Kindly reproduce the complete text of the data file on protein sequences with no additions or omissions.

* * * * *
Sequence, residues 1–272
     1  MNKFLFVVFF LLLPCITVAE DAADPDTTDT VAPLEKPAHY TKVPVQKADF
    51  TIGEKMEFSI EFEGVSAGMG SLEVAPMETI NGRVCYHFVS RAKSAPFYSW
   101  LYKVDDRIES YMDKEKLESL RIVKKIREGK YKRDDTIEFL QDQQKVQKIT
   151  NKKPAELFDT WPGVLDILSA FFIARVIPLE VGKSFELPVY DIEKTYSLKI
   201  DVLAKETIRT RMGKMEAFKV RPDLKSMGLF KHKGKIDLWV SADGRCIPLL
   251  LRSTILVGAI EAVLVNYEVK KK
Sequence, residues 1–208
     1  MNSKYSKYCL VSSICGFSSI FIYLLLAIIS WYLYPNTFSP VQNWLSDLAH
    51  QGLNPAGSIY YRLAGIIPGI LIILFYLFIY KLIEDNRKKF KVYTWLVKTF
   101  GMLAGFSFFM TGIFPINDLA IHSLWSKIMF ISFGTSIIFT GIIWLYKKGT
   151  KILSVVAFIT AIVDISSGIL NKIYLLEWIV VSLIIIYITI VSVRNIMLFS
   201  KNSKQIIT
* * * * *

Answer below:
Sequence, residues 1–272
     1  MNKFLFVVFF LLLPCITVAE DAADPDTTDT VAPLEKPAHY TKVPVQKADF
    51  TIGEKMEFSI EFEGVSAGMG SLEVAPMETI NGRVCYHFVS RAKSAPFYSW
   101  LYKVDDRIES YMDKEKLESL RIVKKIREGK YKRDDTIEFL QDQQKVQKIT
   151  NKKPAELFDT WPGVLDILSA FFIARVIPLE VGKSFELPVY DIEKTYSLKI
   201  DVLAKETIRT RMGKMEAFKV RPDLKSMGLF KHKGKIDLWV SADGRCIPLL
   251  LRSTILVGAI EAVLVNYEVK KK
Sequence, residues 1–208
     1  MNSKYSKYCL VSSICGFSSI FIYLLLAIIS WYLYPNTFSP VQNWLSDLAH
    51  QGLNPAGSIY YRLAGIIPGI LIILFYLFIY KLIEDNRKKF KVYTWLVKTF
   101  GMLAGFSFFM TGIFPINDLA IHSLWSKIMF ISFGTSIIFT GIIWLYKKGT
   151  KILSVVAFIT AIVDISSGIL NKIYLLEWIV VSLIIIYITI VSVRNIMLFS
   201  KNSKQIIT